Confessions Of A Wall St. Nihilist: Forget About Goldman Sachs, Our Entire Economy Is Built On Fraud
By Mark Ames
This article first appeared in The New York Press.There was a strange moment last week during President Obama’s speech at Cooper Union. There he was, groveling before a cast of Wall Street villains including Goldman Sachs chief Lloyd Blankfein, begging them to “Look into your heart!” like John Turturro’s character in Miller’s Crossing…when out of the blue, the POTUS dropped this bombshell: “The only people who ought to fear the kind of oversight and transparency that we’re proposing are those whose conduct will fail this scrutiny.”
The Big Secret, of course, is that every living creature within a 100-mile radius of Cooper Union would fail “this scrutiny”—or that scrutiny, or any scrutiny, period. Not just in a 100-mile radius, but wherever there are still signs of economic life beating in these 50 United States, the mere whiff of scrutiny would work like nerve gas on what’s left of the economy. Because in the 21st century, fraud is as American as baseball, apple pie and Chevrolet Volts—fraud’s all we got left, Doc. Scare off the fraud with Obama’s “scrutiny,” and the entire pyramid scheme collapses in a heap of smoldering savings accounts.
That’s how an acquaintance of mine, a partner in a private equity firm, put it: “Whoever pops this fraud bubble is going to have to escape on the next flight out, faster than the Bin Laden Bunch fled Kentucky in their chartered jets after 9/11.”
And that’s why this SEC suit accusing Goldman Sachs of fraud is really just a negotiating bluff to give Obama’s people some leverage—or it’s supposed to be, anyway—according to the PE guy. He dismissed all the speculation that the fraud investigations would turn on other obvious villains like Deutsche, Merrill, Paulson & Co., the Rahm Emmanuel-linked Magnetar and so on.
“You don’t get it, Ames. Even Khuzami, the SEC guy in charge of the Goldman case, is a fraud; the fucker was Deutsche’s general counsel when they pulled the same CDO scam as Goldman. You have no idea how deep this goes.”
And it’s clear that a lot more people here are aware of how fundamentally rotten things are but they’re not willing to face the big fraudonomics bummer yet, preferring instead to stick with specific accusations.
My position on this was, “Good, throw the book at those crooks too, I don’t see what the problem is here.”
This was exactly what I argued a week ago, during a verbal slapfight with that acquaintance of mine. We were making a scene in a Midtown yuppie restaurant, arguing over just how much damage Wall Street had caused, and what to do about it.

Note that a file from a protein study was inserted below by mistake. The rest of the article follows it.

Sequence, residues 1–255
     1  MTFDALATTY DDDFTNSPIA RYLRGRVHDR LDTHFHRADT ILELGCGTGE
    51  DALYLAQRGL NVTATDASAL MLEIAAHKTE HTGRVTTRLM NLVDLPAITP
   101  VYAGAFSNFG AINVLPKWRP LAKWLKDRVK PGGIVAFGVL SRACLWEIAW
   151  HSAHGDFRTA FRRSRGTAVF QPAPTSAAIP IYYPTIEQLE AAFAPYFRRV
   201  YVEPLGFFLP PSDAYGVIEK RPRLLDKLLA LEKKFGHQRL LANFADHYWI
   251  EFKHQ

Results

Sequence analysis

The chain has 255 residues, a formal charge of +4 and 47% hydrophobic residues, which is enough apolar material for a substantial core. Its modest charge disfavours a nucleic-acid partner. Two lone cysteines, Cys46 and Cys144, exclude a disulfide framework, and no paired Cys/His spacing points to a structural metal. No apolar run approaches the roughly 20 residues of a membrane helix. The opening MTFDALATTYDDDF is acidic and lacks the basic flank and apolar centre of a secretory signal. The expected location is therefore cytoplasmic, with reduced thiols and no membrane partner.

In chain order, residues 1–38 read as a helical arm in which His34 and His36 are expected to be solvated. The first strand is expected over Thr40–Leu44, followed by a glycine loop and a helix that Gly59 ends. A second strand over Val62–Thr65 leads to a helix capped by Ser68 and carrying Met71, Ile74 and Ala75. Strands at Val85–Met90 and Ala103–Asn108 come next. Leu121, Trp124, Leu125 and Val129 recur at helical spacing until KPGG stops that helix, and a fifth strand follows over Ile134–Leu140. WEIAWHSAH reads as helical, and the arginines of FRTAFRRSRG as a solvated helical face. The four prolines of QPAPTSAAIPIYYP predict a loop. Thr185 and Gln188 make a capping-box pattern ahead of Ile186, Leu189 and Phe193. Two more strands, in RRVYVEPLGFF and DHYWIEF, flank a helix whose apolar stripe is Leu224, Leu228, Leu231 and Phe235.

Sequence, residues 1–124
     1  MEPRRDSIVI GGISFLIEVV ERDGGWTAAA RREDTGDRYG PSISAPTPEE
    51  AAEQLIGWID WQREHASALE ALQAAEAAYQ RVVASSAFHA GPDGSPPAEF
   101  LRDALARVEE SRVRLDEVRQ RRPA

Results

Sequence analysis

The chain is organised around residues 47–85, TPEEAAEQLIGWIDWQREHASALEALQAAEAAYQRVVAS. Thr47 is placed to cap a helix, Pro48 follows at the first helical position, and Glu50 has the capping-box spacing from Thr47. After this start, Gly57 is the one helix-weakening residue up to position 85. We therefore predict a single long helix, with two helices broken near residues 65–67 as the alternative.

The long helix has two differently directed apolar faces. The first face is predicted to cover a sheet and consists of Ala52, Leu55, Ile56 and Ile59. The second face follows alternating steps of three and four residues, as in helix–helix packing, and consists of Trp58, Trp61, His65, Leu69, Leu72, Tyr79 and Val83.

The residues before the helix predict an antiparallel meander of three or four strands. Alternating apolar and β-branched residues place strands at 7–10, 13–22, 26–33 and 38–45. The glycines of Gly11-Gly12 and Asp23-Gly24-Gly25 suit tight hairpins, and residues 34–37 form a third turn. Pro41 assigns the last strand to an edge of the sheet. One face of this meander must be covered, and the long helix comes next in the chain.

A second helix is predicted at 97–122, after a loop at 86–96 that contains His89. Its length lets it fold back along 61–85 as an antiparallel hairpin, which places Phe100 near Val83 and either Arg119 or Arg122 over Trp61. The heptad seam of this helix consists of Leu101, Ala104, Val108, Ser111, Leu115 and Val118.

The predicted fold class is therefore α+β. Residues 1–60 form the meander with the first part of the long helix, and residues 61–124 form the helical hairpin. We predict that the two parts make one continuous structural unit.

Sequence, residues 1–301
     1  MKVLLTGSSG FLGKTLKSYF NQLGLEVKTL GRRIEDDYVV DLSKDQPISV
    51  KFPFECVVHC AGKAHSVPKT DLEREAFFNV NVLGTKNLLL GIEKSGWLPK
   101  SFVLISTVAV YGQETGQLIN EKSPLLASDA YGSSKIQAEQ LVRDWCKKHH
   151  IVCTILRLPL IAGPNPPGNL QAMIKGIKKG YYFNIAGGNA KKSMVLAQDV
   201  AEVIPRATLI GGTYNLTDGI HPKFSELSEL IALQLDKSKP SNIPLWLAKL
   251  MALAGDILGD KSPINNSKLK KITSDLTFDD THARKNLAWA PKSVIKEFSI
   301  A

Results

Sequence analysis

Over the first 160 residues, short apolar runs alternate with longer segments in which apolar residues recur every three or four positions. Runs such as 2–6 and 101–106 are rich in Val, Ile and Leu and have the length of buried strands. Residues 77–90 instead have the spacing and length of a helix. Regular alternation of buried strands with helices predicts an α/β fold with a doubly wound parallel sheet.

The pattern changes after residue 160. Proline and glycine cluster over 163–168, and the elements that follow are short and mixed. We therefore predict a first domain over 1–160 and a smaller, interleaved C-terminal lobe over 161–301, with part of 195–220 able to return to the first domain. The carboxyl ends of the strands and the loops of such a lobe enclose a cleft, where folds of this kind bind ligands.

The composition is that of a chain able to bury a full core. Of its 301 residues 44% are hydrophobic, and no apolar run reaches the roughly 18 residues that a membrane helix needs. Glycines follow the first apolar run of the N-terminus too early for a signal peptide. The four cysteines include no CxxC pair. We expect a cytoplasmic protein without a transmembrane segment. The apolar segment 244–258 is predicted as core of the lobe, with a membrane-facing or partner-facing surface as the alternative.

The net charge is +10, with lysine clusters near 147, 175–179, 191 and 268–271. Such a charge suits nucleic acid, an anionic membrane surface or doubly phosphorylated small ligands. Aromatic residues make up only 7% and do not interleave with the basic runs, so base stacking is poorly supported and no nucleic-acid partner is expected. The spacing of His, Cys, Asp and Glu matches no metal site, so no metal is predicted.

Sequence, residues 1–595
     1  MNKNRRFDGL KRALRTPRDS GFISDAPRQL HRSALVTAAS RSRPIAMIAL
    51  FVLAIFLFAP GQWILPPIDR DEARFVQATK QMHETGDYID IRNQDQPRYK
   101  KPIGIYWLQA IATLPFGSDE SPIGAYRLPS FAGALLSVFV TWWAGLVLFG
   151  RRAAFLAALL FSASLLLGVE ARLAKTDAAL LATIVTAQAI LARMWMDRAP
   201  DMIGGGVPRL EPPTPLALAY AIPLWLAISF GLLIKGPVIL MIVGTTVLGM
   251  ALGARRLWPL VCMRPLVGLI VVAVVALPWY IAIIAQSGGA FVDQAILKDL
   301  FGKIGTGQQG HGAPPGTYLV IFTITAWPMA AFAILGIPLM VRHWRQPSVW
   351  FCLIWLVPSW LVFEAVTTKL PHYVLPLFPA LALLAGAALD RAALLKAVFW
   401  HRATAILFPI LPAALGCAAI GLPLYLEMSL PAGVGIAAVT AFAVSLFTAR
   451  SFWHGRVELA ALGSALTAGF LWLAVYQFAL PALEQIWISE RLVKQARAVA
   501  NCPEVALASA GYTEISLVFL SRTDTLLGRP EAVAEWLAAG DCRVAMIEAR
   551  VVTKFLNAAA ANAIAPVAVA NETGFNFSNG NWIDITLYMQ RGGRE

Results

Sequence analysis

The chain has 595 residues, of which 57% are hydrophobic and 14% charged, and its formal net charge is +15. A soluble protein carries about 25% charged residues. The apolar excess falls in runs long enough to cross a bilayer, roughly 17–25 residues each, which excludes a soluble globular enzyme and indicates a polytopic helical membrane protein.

His position was indefensible, and he knew it, so he switched tactics:
“OK Ames, which bankers would you throw the book at? Because you’re arguing that they’re all guilty. So which ones do you go after? Two of them? Three? Half of them?”
“Every last one of them. Lock ’em up in one of their private prisons.”
“Not gonna happen, Che.”
“Che? Me? Listen, Scarface, I’m about law and order. Don’t any of you PE degenerates believe in that anymore?”
“OK, here’s the deal, Che. I’m going to walk you through this nice and slow so that even an agave-sweetened hippie like you can understand this. Stick with me, this is gonna be a little complicated. Ready?”
And so he began:
“Let’s say the government decides one day, ‘You know, we oughta listen to Che here, let’s throw the book at every firm and every executive that our people can make a case against. Because you know, gosh, it’s all about rule of law and blind justice, just like Che says.’ OK, so now this means indicting just about every serious player in finance, so they take down Goldman Sachs, they take down Citigroup, JP Morgan, BofA… and they also serve all the big funds who are at least as guilty, if not more. So they shut down Pimco, Blackrock, Citadel… maybe they indict Geithner and Summers, haul in some of Bush’s crooks… right?”
“Too bad they don’t serve popcorn here, this is getting good.”
“OK, now guess what you’ve just done? You’ve just caused the markets to completely tank. Remember what happened after the Lehman collapse? Remember how popular that made every politician in Washington? Still wondering why they coughed up a trillion bucks? They were scared for their lives; that’s why they voted for that bailout. You’d have done the same goddamn thing. But if we go after everyone guilty of fraud and theft, the market crash this country would see would make 2008 look like Sesame Street. Open that can of worms labeled ‘Fraud’ and the whole fucking economy collapses. You may as well prosecute people for masturbating. No one will know where the fraud investigation stops and who will be charged next—everyone will try to cash out, and the markets will tank to zero. And guess what happens when the markets tank to zero? Every fucking American with a retirement plan, or an investment portfolio, or a 401k—every state pension plan in the country, every teacher’s pension fund, every fireman’s pension—every last one of them will be wiped out. That’s what the Lehman collapse taught us.”